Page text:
Many of the oddballs, also-rans, and otherwise unusual creations we see in the amp world fall into the “B-list” category – the budget, student, and catalog amps that often display appealing ’50s and ’60s cosmetics but were never expected to lead the field. British maker Bird felt otherwise in creating the Golden Eagle 4/25.
Add up its features and the outrageous ambition of its design, and this amp clearly carried the full weight of its maker’s hopes and dreams as it headed out to conquer the world of Vox, Selmer, Watkins, and those pricey overseas imports from Fender and Gibson.
Did it succeed? Errr, no. But you know that already. If it had, Bird would be a household name… in guitarists’ households at least. Regardless, the Golden Eagle 4/25 was kitted like few other amps in the early ’60s – bigger Magnatones and Gibson’s GA-79RVT come to mind as competition in the “let’s see what we can pack in here” stakes, and it’s also likely Bird was taking a swipe at Watkins’ echo-equipped Joker featured here last month. The model name denotes number of inputs (four) and output rating (25 watts), respectively, and the amp packed two independent channels, reverb, tremolo, and a mystical effect dubbed “Repetitive Echo.” That alone should have won fans.
But, Bird wasn’t fated to crack the big-time. For the company’s lineup, as with so many interesting also-rans, that likely had to do with a lack of understanding of what made a tube-driven guitar amp sing – elements achieved in abundance in Fender’s tweed Deluxe or Bassman, Vox’s AC15 and AC30, and the yet-to-come Marshall JTM45 and JMP50.
Bird, it just so happens, was primarily a manufacturer of electronic organs, and it approached amplification more like a hi-fi manufacturer than a guitar-amp maker. With the goal of building clean-sounding amps, it rendered many rather anemic; the smaller Golden Eagle 2/15, for example, with a pair of EL84s, is severely constricted by its ultralinear output stage. This big one, then, might have been a happy accident; with a pair of cathode-biased EL34s and a big output transformer unfettered by ultralinear aspirations, the 4/25, says owner Mike Tamposi, absolutely roars while still providing plenty to ponder in a fussy and unusual circuit.
In addition to organs, Sydney S. Bird & Sons, of Poole, Dorset, did make several nifty guitar amps between around 1959 and ’65. Quality-wise, they were more on par with Watkins and Selmer than Vox and Marshall, but several carried interesting features. This Golden Eagle 4/25 seems to have been the flagship. And while the bones were more robust than some of the company’s other offerings, its bells and whistles were mostly sub-par. Tamposi said both of his 4/25s are finicky.
“They remind me of my Selmers, but with printed circuit boards instead of standard point-to-point style wiring,” he said. “And while Bird used cheap caps and resistors, the transformers look like Drakes. It’s supposed to have an echo effect, but I can’t get it to work on either amp.”
His latter observation seems common, likely due to the fiddly nature of the “echo” circuit, which itself relies on the fiddly nature of the reverb circuit. The spring pan uses a crystal gramophone cartridge at each end to transmit and receive signal. These units sound interesting at best, though not as lush as the types used by Fender and Ampeg, and they’re prone to breakage. Bird’s Repetitive Echo effect used a tube-driven network to tap the spring at different points to produce a pre-set pseudo echo, with (it would seem) short-lived success.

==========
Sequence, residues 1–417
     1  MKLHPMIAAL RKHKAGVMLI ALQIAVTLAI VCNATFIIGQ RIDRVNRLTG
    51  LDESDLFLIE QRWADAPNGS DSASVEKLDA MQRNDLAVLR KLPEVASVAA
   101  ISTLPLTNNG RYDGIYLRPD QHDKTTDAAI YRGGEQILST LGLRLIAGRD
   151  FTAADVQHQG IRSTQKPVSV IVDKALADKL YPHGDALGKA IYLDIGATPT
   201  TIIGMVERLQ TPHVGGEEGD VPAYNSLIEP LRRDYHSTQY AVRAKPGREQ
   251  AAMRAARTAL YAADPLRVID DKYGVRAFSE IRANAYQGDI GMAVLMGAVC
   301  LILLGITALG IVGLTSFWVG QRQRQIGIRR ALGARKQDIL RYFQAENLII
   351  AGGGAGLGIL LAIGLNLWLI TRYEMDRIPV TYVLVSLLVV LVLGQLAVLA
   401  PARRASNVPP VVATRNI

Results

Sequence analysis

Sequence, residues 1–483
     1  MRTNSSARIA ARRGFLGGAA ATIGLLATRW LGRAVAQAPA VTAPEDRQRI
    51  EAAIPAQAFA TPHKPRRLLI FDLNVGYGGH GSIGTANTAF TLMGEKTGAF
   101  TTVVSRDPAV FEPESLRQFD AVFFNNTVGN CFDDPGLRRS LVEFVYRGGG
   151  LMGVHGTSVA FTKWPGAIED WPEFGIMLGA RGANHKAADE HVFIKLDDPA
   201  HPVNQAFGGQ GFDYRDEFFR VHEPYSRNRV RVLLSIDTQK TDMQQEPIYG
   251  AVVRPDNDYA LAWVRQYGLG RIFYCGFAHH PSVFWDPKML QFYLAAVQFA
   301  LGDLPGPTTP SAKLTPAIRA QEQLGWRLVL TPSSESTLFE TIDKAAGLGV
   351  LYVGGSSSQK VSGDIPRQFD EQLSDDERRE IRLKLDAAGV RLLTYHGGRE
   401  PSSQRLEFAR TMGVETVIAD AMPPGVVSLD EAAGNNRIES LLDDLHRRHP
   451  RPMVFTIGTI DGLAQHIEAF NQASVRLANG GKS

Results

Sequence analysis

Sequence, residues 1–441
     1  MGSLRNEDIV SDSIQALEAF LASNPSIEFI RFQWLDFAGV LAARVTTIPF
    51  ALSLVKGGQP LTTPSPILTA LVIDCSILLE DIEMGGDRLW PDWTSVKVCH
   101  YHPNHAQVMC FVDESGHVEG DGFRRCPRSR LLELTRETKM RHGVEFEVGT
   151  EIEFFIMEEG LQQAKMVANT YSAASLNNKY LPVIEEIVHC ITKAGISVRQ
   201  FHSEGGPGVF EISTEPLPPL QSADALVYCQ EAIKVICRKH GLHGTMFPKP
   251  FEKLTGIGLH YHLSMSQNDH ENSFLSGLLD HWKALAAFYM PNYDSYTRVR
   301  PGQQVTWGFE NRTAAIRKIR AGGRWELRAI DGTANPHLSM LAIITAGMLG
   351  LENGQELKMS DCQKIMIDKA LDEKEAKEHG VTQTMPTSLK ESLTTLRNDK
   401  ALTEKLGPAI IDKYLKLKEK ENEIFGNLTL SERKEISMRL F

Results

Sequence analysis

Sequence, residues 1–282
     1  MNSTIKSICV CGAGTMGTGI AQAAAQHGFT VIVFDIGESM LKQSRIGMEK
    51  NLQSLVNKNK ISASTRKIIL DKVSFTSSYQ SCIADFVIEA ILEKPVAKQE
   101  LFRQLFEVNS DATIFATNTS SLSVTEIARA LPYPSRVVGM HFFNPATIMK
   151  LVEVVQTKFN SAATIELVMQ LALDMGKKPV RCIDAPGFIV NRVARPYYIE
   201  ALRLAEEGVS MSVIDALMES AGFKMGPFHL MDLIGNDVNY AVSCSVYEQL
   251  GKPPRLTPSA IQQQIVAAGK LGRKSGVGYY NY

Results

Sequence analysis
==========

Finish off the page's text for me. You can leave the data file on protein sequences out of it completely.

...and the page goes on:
Otherwise, from preamp to output stage, the Golden Eagle 4/25 follows familiar British circuit topology derived from Mullard’s applications manuals of the day, siblings of which are seen in some Vox and Selmer peers. Each channel has its own EF86 pentode preamp tube (a third drives the reverb), followed by a Volume potentiometer linked to a simple treble-bleed Tone pot. Skipping around the befuddling complement of effects – and making its way from the upper preamp chassis to the lower output-stage chassis via a cumbersome umbilical cord – the signal from each channel hits a sturdy long-tailed-pair phase inverter populated by an ECC83 (a.k.a. 12AX7). From there, it’s on to the EL34 output tubes which are independently cathode-biased with individual 470-ohm resistors and 50-microfarad bypass caps. All in all, the configuration makes Bird’s 25-watt rating fairly likely, even possibly conservative, though the same setup in a fixed-bias output stage fed with higher voltages might generate in excess of 50 watts. Rectification comes from another British standard, a GZ34 tube, and Bird included a hefty choke in the power-filtering line to help keep the tone punchy and the lows beefy.
This amp’s lower chassis has pencil-written legends for KT66 tubes in the output positions, though other Golden Eagle 4/25s carried the same EL34s; the schematic we’ve seen also calls for EL34s, and not only is Tamposi’s other example loaded with them, he’s fairly certain all of the tubes in this amp are the original Mullards. So, perhaps KT66s were a design whim that never got off the ground?
All of this 25-plus watts is pumped into a hulking 15″ Wharfedale W15/EG speaker adorned with a spec label that cooperatively reads “10-15 ohms.” Relatively robust for its day, it might still have balked – or simply folded – at the full force of the cranked 4/25, but Tamposi doesn’t take any such chances when he wants to set loose the Golden Eagle.
“This sucker has a lot of gain,” he said. “So, I run it through a Marshall 4×12 and shake the farm!”
This article originally appeared in VG October 2017 issue. All copyrights are by the author and Vintage Guitar magazine. Unauthorized replication or use is strictly prohibited.